Porsche InnoDrive

The Porsche that (mostly) drives itself

Porsche InnoDrive 1
February 26, 2015

It takes all of five minutes for me to trust Porsche’s InnoDrive. My destiny is now in the digital hands of a half-dozen sensors and instruments tasked with ensuring the vehicle maintains an appropriate and safe velocity among the traffic navigating the public roads surrounding Weissach, Germany.

Even though I am in the driver’s seat, the Porsche sedan is accelerating, maintaining speed and braking completely by itself. My only role is to clutch the thick three-spoke wheel and steer. Even though the lead engineer of the program is with me inside the vehicle, the experience is more than a bit unnerving.

An autonomous car, in the simplest of terms, is a passenger vehicle capable of sensing its surrounding environment and safely navigating without any human interaction. While the result seems rather straightforward, the process of actually building an autonomous vehicle that can drive itself at speed has dodged engineers for decades—especially if the self-driving car is required to interact with other human-piloted vehicles on the same road.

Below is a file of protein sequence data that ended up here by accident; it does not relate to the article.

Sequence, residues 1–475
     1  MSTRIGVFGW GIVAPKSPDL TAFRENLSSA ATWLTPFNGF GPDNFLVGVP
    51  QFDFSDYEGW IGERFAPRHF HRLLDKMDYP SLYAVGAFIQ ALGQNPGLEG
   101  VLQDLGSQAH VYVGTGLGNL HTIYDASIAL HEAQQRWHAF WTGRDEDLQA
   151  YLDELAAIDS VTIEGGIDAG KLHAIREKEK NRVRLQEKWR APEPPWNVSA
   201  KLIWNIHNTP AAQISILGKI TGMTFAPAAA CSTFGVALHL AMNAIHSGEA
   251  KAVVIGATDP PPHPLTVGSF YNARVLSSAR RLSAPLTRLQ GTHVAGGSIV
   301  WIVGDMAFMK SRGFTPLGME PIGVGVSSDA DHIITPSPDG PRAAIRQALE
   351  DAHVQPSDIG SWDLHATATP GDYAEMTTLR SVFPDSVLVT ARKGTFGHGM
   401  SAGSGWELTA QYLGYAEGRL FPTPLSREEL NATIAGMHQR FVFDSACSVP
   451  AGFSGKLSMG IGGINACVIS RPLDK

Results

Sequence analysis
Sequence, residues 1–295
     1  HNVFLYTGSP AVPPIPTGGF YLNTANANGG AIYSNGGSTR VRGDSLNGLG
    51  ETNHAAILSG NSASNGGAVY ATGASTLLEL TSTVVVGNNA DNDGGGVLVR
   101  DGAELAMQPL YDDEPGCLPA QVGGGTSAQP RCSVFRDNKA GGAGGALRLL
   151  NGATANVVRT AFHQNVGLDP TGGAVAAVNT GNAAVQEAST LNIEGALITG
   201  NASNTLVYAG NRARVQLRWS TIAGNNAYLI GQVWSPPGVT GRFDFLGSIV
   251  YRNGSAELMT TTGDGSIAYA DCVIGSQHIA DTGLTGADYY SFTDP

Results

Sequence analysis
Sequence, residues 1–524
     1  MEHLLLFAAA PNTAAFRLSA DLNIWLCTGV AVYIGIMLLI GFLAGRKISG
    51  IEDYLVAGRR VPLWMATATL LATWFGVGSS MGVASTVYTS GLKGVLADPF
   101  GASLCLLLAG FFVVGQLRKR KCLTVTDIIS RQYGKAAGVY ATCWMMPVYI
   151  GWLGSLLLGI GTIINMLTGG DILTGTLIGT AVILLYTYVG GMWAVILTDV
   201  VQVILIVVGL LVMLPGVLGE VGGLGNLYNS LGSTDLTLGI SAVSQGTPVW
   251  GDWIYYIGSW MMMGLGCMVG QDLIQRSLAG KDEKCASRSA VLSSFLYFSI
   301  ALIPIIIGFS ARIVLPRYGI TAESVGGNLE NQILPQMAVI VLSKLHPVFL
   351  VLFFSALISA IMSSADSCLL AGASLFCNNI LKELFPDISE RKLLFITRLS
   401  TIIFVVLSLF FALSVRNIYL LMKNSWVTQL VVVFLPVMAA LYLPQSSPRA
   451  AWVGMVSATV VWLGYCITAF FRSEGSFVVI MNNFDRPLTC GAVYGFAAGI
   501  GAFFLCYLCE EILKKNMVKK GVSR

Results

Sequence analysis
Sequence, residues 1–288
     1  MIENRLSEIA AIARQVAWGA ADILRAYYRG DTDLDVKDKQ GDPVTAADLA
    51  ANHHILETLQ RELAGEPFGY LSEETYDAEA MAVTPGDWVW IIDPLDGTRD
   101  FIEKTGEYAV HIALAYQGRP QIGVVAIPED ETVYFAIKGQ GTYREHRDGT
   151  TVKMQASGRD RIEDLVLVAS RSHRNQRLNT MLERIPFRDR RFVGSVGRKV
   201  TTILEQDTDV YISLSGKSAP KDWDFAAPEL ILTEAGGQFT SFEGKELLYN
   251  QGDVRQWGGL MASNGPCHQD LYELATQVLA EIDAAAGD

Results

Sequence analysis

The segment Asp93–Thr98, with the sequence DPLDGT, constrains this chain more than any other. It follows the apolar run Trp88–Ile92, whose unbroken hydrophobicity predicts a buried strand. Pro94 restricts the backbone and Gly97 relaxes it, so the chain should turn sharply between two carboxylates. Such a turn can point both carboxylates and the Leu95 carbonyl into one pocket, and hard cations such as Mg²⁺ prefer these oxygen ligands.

Porsche InnoDrive 2

Porsche, like many automakers, has been working on autonomous programs for many years. But unlike most of the other manufacturers, who appear obsessed with developing a vehicle that cuts the driver completely out of the picture, the German automaker has been focusing on improving safety and fuel economy while leaving the most important part of the driving experience—steering—untouched.

Maximum Overdrive